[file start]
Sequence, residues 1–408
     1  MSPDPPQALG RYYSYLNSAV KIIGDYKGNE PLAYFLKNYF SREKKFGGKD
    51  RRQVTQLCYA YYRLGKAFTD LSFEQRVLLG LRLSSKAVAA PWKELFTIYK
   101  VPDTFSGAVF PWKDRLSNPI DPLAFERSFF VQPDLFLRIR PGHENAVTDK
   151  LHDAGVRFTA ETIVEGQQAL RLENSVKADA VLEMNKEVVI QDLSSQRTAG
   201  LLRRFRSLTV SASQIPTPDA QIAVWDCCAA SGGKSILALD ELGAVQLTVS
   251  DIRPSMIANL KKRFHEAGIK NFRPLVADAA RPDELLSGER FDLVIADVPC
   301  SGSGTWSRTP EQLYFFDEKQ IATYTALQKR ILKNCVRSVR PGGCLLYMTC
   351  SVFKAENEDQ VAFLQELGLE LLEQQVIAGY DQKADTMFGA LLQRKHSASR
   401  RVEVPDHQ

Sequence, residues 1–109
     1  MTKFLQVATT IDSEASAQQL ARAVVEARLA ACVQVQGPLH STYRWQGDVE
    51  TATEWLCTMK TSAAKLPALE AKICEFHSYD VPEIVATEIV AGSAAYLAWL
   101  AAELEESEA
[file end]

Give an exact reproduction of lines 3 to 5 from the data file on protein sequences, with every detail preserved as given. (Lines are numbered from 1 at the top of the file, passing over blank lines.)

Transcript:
    51  RRQVTQLCYA YYRLGKAFTD LSFEQRVLLG LRLSSKAVAA PWKELFTIYK
   101  VPDTFSGAVF PWKDRLSNPI DPLAFERSFF VQPDLFLRIR PGHENAVTDK
   151  LHDAGVRFTA ETIVEGQQAL RLENSVKADA VLEMNKEVVI QDLSSQRTAG